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Botryococcus braunii var. Showa
PP6169 Botryococcus braunii var. Showa
Patent Drawings:Drawing: PP6169-3    Drawing: PP6169-4    
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(2 images)

Inventor: Nonomura
Date Issued: May 3, 1988
Application: 06/852,048
Filed: April 15, 1986
Inventors: Nonomura; Arthur M. (Del Mar, CA)
Assignee: The Regents of the University of CA (Berkeley, CA)
Primary Examiner: Bagwill; Robert E.
Assistant Examiner:
Attorney Or Agent: Townsend & Townsend
U.S. Class: 800/296; PLT/395
Field Of Search: Plt/89
International Class:
U.S Patent Documents:
Foreign Patent Documents:
Other References:

Abstract: Botryococcus braunii var. showa is chemotaxonomically distinct from previously cultured strains of the species in quality and quantity of hydrocarbons produced in vitro. Morphological and cultural differences distinguish this variety from other cultured strains of Botryococcus braunii. In particular, the variety is characterized by the ability to produce and secrete large amounts of botryococcenes during all phases of its growth cycle.
Claim: What is claimed is:

1. A new and distinct variety of algal plant having the characteristics described and illustrated herein.
Description: Thepresent invention is a new and distinct variety of alga of the Botryococcus braunii species designated by the varietal name "Showa." This new variety belongs to the Division Chlorophyta, Order Chlorococcales, and is maintained at the Laboratory ofChemical Biodynamics, Lawrence Berkeley Laboratory, University of California, Berkeley, Calif. 94720. A dried type specimen is available from the herbarium at the University of California, having accession UC147504.

The variety was originally isolated in June, 1980 from lily-culturing tanks located in a greenhouse located on the fifth floor of the Life Sciences Building of the University of California, Berkeley, Calif., 94720, by the following method. Wholesoil water extract (Stein (Ed.) 1973, Handbook of Phycological Methods, Cambridge University Press, Great Britain, p. 448) was steam sterilized and then buffered to pH 7 with phosphate. The soil extract was supplemented with Provasoli's EnrichmentMedium (Stein, supra.) at one-fourth normal strength and with an equal volume of 1 .mu.m sterile filtered lily-culture water. Two thousand sterile disposable test tubes (12.times.75 mm) with friction fit plastic caps were each filled with 1.5 ml of themedium.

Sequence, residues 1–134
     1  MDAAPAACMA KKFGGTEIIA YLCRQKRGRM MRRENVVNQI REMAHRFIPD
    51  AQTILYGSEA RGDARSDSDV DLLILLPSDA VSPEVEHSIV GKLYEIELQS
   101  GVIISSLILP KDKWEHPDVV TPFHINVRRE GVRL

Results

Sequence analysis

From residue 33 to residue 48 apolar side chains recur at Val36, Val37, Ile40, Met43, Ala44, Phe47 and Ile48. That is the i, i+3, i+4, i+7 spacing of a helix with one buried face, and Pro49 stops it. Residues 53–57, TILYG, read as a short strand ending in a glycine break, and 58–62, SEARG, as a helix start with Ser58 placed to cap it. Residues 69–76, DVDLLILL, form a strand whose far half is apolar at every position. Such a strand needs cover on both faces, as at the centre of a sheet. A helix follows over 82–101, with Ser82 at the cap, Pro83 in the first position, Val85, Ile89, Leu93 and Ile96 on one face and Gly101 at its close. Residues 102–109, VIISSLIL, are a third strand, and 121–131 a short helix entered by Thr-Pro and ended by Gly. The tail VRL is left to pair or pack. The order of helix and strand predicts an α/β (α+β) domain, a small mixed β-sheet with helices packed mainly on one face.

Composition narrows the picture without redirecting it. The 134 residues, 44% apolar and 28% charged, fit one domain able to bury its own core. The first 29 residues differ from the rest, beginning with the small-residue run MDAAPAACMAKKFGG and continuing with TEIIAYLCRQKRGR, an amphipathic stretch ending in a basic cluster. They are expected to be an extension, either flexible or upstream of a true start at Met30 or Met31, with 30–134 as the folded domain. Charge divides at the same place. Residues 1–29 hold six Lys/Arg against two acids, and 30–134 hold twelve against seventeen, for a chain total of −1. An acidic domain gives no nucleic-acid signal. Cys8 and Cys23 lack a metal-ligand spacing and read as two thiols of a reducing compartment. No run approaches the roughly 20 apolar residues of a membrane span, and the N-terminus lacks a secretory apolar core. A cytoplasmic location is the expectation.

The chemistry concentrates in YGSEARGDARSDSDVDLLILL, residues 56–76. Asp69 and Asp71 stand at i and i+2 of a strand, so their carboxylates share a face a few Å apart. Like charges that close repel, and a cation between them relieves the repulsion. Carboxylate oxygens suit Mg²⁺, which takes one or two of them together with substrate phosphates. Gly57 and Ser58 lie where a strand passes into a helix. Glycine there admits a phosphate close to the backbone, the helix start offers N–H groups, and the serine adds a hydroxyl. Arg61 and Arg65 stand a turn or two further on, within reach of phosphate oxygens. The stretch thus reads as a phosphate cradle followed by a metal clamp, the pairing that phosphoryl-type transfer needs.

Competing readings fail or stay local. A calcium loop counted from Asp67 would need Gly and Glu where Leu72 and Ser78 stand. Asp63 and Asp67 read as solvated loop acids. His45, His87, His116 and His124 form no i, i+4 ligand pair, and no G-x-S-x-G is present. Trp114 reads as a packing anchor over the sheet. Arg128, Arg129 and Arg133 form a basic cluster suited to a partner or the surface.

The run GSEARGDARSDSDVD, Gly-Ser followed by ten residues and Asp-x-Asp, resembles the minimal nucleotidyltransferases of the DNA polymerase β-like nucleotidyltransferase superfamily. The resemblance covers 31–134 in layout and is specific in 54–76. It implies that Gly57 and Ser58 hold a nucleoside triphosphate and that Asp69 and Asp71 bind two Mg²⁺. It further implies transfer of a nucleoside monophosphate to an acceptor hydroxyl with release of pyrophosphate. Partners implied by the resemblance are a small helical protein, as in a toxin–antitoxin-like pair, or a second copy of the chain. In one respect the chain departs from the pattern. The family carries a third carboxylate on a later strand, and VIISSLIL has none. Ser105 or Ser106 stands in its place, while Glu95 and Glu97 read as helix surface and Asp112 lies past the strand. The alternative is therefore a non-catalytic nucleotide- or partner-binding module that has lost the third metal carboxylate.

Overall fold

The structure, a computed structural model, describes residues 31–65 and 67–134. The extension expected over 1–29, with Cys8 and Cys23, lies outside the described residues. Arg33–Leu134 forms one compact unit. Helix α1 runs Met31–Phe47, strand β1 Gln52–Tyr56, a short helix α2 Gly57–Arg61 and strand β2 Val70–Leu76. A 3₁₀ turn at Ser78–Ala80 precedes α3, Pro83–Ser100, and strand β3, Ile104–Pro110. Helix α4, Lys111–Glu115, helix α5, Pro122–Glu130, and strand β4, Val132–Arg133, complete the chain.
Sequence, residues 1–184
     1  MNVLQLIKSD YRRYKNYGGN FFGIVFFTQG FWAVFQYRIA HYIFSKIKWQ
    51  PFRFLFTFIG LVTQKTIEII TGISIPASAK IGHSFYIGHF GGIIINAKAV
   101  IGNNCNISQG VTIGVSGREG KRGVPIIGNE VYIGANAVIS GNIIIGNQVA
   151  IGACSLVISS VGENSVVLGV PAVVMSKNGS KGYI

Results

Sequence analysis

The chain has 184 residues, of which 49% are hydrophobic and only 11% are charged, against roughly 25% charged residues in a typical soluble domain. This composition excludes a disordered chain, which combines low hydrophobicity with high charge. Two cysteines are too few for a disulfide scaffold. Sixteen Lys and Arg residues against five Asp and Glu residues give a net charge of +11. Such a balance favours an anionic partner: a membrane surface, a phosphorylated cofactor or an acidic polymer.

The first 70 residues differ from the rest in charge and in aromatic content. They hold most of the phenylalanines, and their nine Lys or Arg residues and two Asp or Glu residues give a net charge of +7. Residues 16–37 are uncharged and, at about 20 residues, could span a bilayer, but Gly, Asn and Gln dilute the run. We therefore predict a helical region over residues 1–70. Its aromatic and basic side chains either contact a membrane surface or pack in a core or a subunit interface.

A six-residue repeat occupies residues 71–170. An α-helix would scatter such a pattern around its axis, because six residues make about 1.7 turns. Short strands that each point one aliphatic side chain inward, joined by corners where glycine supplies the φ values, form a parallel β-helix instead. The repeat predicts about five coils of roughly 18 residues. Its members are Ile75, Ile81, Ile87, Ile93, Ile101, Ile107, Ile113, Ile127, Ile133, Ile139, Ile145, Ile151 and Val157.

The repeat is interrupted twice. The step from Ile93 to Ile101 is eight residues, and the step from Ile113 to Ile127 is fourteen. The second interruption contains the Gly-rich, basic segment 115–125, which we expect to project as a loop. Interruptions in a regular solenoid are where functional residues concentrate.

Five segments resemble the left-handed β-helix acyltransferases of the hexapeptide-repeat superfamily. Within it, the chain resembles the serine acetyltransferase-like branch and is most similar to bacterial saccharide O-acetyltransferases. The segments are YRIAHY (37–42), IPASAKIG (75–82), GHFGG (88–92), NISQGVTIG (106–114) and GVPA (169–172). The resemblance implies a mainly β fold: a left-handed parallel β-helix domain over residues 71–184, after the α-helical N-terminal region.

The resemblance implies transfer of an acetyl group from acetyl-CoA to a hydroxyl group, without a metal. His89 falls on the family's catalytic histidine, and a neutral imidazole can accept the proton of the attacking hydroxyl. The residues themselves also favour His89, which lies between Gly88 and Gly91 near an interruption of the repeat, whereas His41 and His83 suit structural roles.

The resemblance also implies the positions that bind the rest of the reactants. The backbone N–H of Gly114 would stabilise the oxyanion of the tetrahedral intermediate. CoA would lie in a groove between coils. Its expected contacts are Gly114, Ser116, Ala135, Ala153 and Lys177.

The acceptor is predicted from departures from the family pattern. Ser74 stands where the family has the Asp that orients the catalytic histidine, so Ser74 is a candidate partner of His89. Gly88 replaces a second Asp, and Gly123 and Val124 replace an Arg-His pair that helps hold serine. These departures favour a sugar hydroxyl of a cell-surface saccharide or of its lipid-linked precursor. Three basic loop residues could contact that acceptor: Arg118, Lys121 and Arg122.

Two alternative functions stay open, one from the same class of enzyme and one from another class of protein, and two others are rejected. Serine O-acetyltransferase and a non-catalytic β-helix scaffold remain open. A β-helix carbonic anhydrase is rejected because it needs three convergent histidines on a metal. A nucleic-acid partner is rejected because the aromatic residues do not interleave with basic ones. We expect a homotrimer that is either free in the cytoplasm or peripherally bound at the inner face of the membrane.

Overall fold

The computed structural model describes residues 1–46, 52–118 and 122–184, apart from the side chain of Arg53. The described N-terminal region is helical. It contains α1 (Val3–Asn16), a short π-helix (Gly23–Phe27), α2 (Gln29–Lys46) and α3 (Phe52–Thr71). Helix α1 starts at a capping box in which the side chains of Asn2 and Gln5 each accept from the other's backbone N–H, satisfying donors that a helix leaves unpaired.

Floating orange colonies were collected from the lily pond culture water. Without washing, the colonies were diluted in an equal volume of sterile enriched culture medium. An aliquot of the algal culture was placed in a small sterile petri dishfrom which single colonies were selected by micropipette. Orange colonies were selected by means of an inverted microscope at low-power magnification (40.times.). Selected colonies were placed in the previously prepared test tubes containing enrichmentmedium. Single colony selection was confirmed by viewing the test tube through a dissecting microscope.

The test tubes were placed in plastic bags which were deflated and then filled with 50% carbon dioxide:50% nitrogen gas. The cultures were placed under 150 .mu.E/m.sup.-2 s.sup.-1 cool-white fluorescent illumination at C. Cultureswere continuously illuminated. When numerous colonies were observed in the tubes, additional medium was added. Within two weeks, cultures that were contaminated were removed. Approximately 200 unialgal cultures resulted from the 2000 single colonycultures that were started originally. One culture that was tested contained high levels of botryococcenes. This culture was named the Showa variety.

Maintenance cultures of the Showa variety were asexually reproduced by growth in semi-continuous culture at in 2.8 L Fernbach flasks continuously bubbled with air and illuminated with cool-white fluorescent tubes ( s.sup.-1) on a 16:8 LD cycle. The standard defined growth medium contained the following components (mg/1 H.sub.2 O): Ca(NO.sub.3).sub.2.4H.sub.2 O (26.5), MgSO.sub.4.7H.sub.2 O (25), K.sub.2 HPO.sub.4 (10), H.sub.3 BO.sub.3 (0.6), MOPSbuffer (3.14), Na.sub.2 EDTA (7.7), ZnCl.sub.2 (0.624), CuCl.sub.2.2H.sub.2 O (0.268), NaMoO.sub.4.2H.sub.2 O (0.252), CoCl.sub.2.6H.sub.2 O (0.420), FeCl.sub.3.6H.sub.2 O (2.5), and MnCl.sub.2.4H.sub.2 O (0.360). The nitrogen-supplemented medium (3N)contained three times the standard amount of combined nitrogen, while the media deficient in nitrogen (1/10-N) and phosphate (1/10-P) contained one-tenth the standard concentration of these components. Additional nitrate in the 3N medium was provided asKNO.sub.3, whereas the Ca.sup.+2 deleted in the 1/10-N medium was compensated for via the addition of CaCl.sub.2. The pH of these media was adjusted to 6.5 with KOH before autoclaving.